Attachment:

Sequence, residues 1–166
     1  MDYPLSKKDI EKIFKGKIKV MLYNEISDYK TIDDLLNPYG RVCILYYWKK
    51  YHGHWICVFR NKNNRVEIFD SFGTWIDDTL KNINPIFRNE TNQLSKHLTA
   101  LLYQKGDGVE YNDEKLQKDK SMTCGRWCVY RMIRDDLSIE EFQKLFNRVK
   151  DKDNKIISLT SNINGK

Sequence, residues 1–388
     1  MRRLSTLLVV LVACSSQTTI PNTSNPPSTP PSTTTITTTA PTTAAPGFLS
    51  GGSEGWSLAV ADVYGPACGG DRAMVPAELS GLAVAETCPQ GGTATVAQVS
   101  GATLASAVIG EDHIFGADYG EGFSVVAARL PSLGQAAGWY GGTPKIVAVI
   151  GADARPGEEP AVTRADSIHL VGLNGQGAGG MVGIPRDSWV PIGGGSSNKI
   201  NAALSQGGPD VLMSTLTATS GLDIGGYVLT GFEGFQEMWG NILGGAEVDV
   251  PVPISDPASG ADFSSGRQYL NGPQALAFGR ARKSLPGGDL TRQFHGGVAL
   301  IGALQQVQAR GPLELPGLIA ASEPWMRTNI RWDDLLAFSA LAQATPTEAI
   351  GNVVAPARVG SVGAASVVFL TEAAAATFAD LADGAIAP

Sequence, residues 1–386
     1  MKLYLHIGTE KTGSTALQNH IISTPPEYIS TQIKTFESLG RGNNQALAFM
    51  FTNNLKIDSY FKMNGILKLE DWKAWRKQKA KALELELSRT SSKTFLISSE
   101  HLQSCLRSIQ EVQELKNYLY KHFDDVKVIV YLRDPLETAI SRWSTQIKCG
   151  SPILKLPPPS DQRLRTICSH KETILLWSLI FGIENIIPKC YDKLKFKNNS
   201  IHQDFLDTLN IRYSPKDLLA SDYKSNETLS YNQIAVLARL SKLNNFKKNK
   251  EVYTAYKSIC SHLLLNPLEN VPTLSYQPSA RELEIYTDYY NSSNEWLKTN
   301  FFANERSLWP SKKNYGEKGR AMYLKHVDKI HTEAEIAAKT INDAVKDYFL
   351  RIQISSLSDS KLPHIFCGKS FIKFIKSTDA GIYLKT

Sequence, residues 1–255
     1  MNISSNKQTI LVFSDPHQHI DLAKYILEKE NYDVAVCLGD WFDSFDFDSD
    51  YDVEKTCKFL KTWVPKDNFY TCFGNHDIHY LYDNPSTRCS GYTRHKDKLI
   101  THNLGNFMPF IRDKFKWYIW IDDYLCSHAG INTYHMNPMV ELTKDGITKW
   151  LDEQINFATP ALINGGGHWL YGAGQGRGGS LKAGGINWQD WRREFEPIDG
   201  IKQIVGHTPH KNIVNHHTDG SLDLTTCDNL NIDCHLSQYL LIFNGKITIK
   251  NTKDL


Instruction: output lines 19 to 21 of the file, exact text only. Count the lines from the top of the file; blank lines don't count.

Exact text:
   151  SPILKLPPPS DQRLRTICSH KETILLWSLI FGIENIIPKC YDKLKFKNNS
   201  IHQDFLDTLN IRYSPKDLLA SDYKSNETLS YNQIAVLARL SKLNNFKKNK
   251  EVYTAYKSIC SHLLLNPLEN VPTLSYQPSA RELEIYTDYY NSSNEWLKTN